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3.9  Common Pitfalls

Prolog is different from conventional programming languages, and a common problem is to program Prolog like a conventional language. Here are some points to note:

3.9.1  Unification works both ways

One common problem is to write a predicate expecting certain instantiation patterns for the arguments, and then get unexpected results when the arguments do not conform to the expected pattern. An example is the member relation, intended to check if an item Item is a member of a list or not. This might be written as:

member(Item, [Item|_]).
member(Item, [_|List]) :- member(Item, List).

The expected usage assumes both Item and the list are ground. In such cases, the above predicate does indeed check if Item occurs in the list given as a second argument. However, if either of the arguments are not ground, then potentially unexpected behaviour might occur. Consider the case where Item is a variable, then the above predicate will enumerate the elements of the list successively through backtracking. On the other hand, if any of the list elements of the list is a variable, they would be unified with Item. Other instantiation patterns for either arguments can produce even more complex results.

If the intended meaning is simply to check if Item is a member of a list, this can be done by:

  % is_member(+Element, +List)
  % check if Element is an element that occurs in a List of
  % ground elements
is_member(Item, [Element|_]) :- Item == Element.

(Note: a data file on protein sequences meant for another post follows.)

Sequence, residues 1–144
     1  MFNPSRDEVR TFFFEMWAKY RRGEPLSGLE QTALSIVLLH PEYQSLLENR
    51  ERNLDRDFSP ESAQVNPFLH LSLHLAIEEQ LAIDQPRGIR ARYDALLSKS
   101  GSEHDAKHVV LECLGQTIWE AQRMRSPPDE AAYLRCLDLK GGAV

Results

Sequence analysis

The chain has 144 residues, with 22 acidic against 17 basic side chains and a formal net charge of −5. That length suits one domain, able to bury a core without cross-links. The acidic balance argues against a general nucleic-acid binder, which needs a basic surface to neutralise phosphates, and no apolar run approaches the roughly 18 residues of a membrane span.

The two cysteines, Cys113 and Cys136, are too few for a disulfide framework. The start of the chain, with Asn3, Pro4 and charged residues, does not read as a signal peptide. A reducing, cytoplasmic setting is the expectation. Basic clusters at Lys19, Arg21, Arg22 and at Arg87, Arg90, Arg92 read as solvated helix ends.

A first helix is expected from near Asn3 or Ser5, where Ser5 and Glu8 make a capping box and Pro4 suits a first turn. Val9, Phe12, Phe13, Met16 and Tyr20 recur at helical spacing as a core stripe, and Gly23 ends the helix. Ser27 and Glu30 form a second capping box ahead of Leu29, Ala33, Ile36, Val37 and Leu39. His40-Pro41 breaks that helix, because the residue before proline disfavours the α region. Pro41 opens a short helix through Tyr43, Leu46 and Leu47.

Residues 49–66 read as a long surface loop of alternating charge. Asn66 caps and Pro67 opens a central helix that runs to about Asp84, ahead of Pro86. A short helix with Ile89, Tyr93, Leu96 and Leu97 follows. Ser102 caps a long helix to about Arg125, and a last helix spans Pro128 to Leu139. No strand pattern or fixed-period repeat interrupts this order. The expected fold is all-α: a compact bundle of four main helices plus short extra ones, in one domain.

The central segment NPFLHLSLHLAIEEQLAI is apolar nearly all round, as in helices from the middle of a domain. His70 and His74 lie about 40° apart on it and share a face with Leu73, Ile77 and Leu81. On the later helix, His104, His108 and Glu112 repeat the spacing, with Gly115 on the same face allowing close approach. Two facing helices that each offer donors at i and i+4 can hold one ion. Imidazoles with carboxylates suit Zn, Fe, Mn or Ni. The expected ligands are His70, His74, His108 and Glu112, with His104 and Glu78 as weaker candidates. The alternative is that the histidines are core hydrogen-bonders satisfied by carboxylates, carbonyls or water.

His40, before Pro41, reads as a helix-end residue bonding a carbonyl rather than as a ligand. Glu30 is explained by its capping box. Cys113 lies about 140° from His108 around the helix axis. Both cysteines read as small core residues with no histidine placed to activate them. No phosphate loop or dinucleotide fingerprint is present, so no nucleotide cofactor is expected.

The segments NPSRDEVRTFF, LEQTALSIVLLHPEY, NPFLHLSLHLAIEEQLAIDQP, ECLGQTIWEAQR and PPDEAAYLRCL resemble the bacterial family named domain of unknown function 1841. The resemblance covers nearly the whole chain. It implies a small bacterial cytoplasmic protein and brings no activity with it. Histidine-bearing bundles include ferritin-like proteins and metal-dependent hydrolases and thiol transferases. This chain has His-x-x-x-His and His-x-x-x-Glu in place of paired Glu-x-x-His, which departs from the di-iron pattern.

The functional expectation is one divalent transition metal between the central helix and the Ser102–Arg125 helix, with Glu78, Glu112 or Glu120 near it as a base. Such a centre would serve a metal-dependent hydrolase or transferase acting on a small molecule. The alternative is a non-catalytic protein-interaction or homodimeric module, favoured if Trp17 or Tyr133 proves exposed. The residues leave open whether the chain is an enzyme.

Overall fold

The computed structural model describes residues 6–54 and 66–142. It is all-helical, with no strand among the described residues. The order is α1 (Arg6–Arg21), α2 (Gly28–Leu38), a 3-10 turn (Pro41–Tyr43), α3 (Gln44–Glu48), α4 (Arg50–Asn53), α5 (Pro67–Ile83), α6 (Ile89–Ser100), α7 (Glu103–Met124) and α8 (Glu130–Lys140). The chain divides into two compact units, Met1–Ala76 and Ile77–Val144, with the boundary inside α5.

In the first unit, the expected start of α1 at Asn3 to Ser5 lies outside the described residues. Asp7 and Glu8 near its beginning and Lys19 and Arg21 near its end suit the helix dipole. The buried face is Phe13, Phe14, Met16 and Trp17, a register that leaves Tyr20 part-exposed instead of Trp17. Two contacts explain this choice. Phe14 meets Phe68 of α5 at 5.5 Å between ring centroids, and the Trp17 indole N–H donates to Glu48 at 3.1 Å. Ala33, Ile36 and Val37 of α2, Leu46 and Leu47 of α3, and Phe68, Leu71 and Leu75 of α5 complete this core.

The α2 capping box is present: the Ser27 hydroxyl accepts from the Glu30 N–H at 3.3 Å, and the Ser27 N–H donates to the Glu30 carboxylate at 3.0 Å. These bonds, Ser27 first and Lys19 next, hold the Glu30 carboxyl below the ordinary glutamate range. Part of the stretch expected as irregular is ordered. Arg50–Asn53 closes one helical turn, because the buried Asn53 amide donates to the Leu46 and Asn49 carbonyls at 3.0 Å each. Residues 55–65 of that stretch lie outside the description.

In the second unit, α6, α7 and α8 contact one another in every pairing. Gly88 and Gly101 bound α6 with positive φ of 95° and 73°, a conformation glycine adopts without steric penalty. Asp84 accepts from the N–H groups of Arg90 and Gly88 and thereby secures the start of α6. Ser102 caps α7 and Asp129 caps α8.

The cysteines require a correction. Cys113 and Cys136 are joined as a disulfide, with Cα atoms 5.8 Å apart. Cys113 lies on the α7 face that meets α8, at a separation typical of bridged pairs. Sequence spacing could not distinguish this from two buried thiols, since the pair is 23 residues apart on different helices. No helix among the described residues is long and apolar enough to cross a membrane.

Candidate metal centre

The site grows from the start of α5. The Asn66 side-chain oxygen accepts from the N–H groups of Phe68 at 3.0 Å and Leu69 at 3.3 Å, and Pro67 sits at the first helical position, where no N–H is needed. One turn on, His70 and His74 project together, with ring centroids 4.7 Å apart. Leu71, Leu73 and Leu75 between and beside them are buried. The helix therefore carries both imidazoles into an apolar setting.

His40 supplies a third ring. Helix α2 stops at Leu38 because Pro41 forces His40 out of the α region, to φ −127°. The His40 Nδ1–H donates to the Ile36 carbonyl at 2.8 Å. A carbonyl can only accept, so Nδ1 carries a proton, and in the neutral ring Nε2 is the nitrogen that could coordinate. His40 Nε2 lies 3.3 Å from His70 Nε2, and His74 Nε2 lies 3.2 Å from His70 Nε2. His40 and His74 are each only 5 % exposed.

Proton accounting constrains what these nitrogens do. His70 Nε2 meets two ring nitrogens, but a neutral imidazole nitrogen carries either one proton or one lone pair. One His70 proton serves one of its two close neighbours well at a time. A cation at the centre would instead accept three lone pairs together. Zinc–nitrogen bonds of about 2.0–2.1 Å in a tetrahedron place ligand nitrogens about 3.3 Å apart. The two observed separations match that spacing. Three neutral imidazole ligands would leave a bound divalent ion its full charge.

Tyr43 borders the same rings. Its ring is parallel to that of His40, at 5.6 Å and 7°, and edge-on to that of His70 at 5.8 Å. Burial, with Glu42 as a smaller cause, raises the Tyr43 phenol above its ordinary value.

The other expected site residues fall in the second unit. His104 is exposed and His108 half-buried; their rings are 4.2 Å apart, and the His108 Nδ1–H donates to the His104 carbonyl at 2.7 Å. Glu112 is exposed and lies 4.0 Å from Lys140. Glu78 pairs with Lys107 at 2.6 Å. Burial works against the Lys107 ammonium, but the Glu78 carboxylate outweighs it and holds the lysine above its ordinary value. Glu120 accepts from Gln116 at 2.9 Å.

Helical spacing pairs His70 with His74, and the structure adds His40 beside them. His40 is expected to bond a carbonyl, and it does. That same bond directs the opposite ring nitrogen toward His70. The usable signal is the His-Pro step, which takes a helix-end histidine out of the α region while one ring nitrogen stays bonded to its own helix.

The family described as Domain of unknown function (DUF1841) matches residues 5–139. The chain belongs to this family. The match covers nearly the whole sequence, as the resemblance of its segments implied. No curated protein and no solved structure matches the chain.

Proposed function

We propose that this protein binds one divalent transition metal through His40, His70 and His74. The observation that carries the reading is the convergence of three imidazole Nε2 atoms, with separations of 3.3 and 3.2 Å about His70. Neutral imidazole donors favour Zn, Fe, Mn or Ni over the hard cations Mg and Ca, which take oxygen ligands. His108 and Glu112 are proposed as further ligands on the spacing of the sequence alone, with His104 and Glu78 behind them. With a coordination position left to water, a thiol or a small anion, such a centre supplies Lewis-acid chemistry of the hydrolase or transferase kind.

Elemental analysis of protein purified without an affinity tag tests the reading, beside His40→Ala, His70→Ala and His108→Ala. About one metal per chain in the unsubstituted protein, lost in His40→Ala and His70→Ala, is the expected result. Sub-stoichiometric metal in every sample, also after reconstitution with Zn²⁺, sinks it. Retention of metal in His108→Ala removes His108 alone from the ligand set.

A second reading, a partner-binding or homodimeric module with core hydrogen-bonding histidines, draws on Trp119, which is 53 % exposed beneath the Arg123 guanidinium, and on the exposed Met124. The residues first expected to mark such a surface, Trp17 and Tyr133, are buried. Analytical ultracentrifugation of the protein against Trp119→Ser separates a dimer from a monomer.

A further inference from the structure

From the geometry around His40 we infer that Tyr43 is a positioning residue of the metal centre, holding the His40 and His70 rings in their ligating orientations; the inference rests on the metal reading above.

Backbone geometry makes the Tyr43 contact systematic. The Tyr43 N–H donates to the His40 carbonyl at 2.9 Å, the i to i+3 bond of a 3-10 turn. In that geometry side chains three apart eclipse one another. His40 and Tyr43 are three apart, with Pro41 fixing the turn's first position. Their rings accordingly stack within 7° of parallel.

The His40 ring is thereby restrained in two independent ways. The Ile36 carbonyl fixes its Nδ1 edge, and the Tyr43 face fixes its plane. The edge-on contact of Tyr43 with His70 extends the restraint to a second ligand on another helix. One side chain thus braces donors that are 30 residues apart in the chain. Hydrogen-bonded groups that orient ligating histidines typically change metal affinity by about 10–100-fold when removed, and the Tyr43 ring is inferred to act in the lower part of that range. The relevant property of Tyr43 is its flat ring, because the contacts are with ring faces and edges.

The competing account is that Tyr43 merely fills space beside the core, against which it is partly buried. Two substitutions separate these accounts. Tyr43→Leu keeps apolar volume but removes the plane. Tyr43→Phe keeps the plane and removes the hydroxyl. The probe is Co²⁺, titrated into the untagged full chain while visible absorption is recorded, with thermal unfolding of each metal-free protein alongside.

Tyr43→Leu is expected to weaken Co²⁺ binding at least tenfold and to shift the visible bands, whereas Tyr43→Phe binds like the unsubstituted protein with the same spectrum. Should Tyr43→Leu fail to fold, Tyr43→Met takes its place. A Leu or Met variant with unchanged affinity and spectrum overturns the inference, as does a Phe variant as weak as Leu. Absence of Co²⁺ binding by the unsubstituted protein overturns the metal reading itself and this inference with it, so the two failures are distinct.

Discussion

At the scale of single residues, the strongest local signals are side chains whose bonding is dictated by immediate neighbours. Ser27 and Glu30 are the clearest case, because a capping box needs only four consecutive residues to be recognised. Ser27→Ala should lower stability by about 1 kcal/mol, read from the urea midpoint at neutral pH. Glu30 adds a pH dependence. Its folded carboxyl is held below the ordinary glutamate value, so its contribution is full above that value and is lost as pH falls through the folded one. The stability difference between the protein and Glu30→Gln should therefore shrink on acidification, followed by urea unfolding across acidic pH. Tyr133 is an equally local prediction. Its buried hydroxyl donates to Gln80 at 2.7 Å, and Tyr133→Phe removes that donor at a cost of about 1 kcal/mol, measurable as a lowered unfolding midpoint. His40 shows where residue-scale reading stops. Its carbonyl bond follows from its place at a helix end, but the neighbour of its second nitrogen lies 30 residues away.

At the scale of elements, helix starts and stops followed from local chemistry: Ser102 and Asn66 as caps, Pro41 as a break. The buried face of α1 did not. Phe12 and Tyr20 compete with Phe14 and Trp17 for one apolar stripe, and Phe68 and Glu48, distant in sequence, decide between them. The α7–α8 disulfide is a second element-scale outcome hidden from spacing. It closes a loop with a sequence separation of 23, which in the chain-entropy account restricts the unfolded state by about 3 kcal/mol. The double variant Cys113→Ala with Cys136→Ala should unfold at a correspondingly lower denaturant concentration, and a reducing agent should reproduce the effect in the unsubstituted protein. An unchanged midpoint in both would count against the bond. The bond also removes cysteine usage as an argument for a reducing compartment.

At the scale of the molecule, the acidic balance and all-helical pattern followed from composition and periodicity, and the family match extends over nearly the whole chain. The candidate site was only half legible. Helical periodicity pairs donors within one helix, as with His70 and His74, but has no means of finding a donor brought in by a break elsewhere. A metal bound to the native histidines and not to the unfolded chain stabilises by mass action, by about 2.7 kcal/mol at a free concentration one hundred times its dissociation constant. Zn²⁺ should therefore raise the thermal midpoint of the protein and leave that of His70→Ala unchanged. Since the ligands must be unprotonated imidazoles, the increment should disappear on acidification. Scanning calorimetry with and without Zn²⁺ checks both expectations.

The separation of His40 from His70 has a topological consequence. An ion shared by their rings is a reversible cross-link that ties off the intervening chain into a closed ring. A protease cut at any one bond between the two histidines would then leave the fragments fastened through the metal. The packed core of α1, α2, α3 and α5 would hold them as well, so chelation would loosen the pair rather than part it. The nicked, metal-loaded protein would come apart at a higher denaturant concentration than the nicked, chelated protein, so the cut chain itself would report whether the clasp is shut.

is_member(Item, [_|List]) :- nonvar(List), is_member(Item, List).

Note the use of comments to make clear the intention of the use of the predicate. The convention used is that ‘+’ indicates that an argument should be instantiated (i.e. not a variable), ‘-’ for an argument that should be an uninstantiated variable, and ’?’ indicates that there is no restrictions on the mode of the argument.

3.9.2  Unexpected backtracking

Remember that when coding in Prolog, any predicate may be backtracked into. So correctness in Prolog requires:

Recall that backtracking causes alternative choices to be explored, if there are any. Typically another choice corresponds to another clause in the poredicate definition, but alternative choices may come from disjunction (see above) or built-in predicates with multiple (alternative) solutions. The programmer should make sure that a predicate will only produce those solutions that are wanted. Excess alternatives can be removed by coding the program not to produce them, or by the cut, or the conditional.

For example, to return only the first member, in the is_member/2 example, the predicate can be coded using the cut, as follows:

is_member(Item, [Element|_]) :- Item == Element, !.
is_member(Item, [_|List]) :- nonvar(List), is_member(Item, List).

Using conditional

Another way to remove excess choice points is the conditional:

is_member(Item, [Element|List]) :- 
    ( Item == Element ->
        nonvar(List), is_member(Item, List)

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